The first day of practice, as I recall, was always extremely difficult. Most of my coaches sent a message about how tough the coming season was going to be.
I always wanted to send a message of how fun and easy the game could be if you just focused on doing the things that lead to success well and consistently.
I don’t have any problem with a first easy practice or with a whole week of easy practices, as long as you are building in your players the things needed to be successful as a team.
You don’t want your players getting the feeling you always manage to come up with something new that they did wrong. You want them thinking they can “win…”
In other words I don’t think you can demand that they do 46 things well…
I think it is wise to begin with one or two things on offense and one or two things on defense, just a few things they can keep in mind and concentrate on executing perfectly — and just a few things you can keep in mind to see and correct every time.
On offense, you can expect that they will take only good shots. You can expect that they will take no unnecessary dribbles. You can expect that they will throw no errant passes. You can expect to show only positive emotions on the court during play.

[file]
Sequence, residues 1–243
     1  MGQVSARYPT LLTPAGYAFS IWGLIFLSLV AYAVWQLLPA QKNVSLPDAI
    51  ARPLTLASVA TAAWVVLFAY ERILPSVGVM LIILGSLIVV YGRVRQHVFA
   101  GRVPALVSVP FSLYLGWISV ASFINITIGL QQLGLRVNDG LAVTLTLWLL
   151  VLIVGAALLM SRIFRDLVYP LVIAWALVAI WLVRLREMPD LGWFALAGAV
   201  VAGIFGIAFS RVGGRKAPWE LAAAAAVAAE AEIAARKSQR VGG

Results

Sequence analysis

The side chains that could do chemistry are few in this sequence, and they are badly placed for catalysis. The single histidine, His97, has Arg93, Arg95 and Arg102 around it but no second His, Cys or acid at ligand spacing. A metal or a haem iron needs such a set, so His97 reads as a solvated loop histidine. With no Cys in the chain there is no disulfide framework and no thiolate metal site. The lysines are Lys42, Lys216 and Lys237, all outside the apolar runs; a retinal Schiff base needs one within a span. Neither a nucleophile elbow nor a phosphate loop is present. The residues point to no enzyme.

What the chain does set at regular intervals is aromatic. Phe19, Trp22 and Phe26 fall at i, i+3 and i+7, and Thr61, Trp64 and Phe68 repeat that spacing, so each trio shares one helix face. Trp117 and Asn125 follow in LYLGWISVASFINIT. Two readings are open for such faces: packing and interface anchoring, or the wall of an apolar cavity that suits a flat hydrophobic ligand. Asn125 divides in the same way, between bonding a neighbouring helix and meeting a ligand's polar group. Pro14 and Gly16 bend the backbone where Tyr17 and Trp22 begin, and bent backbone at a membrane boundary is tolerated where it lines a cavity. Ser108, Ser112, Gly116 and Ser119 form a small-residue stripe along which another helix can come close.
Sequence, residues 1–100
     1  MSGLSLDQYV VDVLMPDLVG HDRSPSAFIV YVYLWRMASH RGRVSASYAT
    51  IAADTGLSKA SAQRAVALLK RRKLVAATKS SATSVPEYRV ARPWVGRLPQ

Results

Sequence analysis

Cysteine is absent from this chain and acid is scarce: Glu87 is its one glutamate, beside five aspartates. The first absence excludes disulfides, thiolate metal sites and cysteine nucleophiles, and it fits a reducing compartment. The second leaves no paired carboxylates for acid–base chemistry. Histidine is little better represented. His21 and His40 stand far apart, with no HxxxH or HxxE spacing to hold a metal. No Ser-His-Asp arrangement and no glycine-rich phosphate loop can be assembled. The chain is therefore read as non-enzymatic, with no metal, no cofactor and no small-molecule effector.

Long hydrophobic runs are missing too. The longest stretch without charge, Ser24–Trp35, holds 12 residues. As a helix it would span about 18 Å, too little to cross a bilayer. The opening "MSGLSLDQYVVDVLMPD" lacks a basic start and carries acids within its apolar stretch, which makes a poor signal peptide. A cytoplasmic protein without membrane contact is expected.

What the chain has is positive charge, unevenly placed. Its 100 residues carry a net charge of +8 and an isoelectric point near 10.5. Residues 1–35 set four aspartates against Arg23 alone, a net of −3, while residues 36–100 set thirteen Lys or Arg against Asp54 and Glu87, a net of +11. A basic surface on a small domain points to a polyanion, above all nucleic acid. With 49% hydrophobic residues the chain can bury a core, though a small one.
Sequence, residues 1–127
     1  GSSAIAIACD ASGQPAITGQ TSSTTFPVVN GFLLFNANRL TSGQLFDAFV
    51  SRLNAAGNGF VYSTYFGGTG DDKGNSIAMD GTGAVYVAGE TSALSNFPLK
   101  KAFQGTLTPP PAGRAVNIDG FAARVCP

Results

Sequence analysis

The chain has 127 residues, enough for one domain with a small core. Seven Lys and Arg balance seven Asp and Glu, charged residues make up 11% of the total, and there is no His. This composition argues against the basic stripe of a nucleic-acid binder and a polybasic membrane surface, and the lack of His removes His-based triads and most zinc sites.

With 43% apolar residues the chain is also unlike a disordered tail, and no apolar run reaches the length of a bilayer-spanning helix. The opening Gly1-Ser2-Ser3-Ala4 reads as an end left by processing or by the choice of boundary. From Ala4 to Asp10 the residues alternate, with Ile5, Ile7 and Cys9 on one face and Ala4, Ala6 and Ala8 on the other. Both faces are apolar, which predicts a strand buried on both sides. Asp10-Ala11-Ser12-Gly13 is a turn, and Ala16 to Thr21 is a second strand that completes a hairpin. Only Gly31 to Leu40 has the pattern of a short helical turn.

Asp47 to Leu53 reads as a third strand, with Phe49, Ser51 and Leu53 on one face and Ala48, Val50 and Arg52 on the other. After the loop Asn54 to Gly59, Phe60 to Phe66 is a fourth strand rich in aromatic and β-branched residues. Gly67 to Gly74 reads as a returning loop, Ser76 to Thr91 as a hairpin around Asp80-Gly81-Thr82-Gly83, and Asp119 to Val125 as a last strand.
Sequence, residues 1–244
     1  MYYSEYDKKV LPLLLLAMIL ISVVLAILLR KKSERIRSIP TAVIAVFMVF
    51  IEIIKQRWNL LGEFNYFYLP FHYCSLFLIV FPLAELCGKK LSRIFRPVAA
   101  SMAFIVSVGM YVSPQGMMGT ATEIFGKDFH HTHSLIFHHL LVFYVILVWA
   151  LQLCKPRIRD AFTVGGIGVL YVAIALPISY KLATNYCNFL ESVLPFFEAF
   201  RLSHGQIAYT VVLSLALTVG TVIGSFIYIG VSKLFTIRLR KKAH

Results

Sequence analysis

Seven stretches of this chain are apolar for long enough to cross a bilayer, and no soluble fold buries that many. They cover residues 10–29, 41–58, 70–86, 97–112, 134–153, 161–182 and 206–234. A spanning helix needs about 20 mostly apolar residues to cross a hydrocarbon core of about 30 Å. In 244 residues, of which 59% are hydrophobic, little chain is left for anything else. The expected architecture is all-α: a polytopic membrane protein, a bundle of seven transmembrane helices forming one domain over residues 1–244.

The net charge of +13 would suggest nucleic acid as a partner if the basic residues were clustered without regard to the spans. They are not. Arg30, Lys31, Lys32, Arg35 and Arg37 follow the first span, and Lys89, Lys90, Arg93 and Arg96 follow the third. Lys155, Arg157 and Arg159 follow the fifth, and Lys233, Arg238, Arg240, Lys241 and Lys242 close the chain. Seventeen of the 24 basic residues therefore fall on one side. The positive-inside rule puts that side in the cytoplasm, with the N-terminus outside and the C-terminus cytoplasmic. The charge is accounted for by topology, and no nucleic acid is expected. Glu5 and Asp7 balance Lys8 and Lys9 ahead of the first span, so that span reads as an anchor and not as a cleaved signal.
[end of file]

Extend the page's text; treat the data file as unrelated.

On defense you can expect them to get a hand in every shooter’s face. You can expect them to block out and move toward the ball for rebounds. And you can expect them to move their feet on defense and avoid stupid reaching fouls.
In the early stages, it may be best for you to do only one at a time. Scrimmage and pay full attention only to shot selection on offense and seeing the ball on defense. When you are able as a coach to see those things every time — and to whistle and correct every failure — you are ready to add a point or two at each end.
Your consistency is crucial.
If you notice a bad shot one time but then let bad shots fly unnoticed the next two times, your players will quickly recognize your inconsistency…
But if you’re able to consistently correct what you consider most important, your players will quickly learn to do those things you consider most important, consistently.